The last few days, I’ve been watching slide shows on great Renaissance artists put together by my sixth graders. It’s been an interesting experience. Some of them are bad, some of them are good, none of them are great. I’ve been wondering why.
I’ve been wondering why so much, that I sat down with a colleague this morning to try to understand what’s been going on. Between us, we came up with a theory. Parents and kids wanted a rubric (rubric comes from the Latin word for “red” so shouldn’t Rubric be in red?), so we designed a rubric that’s easy to follow, but concentrated on final product — so many slides, so many pictures, delivered in this amount of time, and so on.
What we failed to do is rubric-ize the research process — the deep dive, in the language of Design Thinking. We didn’t do a good enough job of teaching kids how to go about collecting, collating, organizing and sorting information. The presentation — the final product — gets all the attention in the Rubric, because that’s what the students want: “How will I get graded? What must the final product look like?”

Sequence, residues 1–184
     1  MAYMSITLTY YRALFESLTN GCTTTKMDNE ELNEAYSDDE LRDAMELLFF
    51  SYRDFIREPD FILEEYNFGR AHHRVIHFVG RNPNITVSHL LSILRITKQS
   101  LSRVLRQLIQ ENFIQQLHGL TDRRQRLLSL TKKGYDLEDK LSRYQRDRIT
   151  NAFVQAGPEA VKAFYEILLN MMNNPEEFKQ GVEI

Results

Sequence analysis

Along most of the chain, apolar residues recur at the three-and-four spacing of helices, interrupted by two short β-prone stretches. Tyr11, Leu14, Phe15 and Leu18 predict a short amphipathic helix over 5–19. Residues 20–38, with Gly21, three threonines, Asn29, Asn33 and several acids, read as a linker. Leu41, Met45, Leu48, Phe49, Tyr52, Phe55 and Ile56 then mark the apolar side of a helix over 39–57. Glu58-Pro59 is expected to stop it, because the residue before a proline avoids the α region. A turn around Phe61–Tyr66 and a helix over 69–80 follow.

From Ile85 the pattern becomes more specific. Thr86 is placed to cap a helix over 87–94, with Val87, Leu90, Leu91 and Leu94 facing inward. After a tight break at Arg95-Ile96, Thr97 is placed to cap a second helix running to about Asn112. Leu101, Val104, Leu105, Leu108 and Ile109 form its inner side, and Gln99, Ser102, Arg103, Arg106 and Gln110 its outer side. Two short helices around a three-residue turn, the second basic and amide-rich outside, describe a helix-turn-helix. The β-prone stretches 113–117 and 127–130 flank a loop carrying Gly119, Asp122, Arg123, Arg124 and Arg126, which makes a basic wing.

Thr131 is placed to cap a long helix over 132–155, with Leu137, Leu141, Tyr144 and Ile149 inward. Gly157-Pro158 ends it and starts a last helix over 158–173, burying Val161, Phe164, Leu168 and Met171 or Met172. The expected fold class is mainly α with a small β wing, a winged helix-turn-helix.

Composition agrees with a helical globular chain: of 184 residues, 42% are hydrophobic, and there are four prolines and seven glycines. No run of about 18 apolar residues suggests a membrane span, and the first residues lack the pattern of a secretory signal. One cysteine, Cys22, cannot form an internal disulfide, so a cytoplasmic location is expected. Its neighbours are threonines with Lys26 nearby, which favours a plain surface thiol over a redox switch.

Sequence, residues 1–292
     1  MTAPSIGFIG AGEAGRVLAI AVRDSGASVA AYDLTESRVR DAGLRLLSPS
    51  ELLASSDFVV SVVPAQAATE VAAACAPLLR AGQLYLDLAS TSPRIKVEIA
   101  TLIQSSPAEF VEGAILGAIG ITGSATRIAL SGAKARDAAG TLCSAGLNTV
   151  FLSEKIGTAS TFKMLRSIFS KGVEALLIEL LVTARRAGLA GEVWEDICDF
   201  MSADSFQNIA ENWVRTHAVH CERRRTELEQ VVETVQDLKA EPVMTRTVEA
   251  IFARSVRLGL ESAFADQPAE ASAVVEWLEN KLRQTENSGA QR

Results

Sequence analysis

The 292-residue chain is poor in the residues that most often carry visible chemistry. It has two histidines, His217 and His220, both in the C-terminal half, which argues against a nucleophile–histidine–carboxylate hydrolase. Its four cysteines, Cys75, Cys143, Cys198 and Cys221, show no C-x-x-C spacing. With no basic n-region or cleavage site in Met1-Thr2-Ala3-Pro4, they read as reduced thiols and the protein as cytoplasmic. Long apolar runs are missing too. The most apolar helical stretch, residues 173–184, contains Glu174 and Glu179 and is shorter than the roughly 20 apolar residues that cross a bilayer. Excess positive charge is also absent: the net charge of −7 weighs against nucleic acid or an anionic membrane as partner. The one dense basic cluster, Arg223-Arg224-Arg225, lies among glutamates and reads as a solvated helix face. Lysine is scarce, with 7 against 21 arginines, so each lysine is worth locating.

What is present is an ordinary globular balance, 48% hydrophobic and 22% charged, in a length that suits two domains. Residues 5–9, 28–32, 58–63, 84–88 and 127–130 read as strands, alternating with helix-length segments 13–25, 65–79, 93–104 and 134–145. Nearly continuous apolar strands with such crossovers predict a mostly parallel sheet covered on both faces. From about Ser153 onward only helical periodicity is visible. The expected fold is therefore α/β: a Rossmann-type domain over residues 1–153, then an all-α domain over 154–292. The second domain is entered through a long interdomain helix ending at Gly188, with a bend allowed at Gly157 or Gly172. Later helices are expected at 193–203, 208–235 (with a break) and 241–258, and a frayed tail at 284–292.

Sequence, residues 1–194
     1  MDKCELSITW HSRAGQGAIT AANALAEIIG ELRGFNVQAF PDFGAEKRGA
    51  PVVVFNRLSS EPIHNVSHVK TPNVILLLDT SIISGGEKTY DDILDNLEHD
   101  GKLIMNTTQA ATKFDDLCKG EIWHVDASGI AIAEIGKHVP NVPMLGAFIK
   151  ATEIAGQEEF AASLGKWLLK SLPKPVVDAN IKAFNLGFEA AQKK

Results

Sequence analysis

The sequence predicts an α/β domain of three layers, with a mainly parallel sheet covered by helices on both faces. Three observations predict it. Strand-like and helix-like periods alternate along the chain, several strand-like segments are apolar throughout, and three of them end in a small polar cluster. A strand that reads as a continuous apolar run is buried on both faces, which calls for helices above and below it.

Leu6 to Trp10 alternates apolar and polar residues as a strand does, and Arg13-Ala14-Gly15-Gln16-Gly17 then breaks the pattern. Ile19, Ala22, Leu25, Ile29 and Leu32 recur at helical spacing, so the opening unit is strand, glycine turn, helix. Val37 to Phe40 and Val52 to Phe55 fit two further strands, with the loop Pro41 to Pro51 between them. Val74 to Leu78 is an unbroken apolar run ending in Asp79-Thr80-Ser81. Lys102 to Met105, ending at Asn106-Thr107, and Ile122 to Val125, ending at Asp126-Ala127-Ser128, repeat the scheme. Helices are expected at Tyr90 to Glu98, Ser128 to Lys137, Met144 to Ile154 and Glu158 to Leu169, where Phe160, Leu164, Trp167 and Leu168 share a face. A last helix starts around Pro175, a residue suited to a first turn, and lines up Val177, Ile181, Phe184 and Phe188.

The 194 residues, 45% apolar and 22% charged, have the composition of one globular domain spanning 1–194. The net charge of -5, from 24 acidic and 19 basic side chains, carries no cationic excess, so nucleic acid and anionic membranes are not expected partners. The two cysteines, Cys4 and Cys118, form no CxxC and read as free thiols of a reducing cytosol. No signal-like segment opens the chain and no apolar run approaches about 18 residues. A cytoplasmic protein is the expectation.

But all my best presentations — yours too — have been as a result of getting deeper into the research process, and digging for the kinds of details that make for compelling stories.
Can you make a rubric that shows someone how to do research? Is there a process that allows for that?
Steve Martin in a movie (I forget which) says that “sometimes you have to change from the outside, in.” He helps another character into a new sport coat, showing him how to dress to impress. Is there a way to learn how to be a researcher by searching from the outside in?
I’m sorry I don’t have an answer. I wish I did. Maybe you, the readers, do.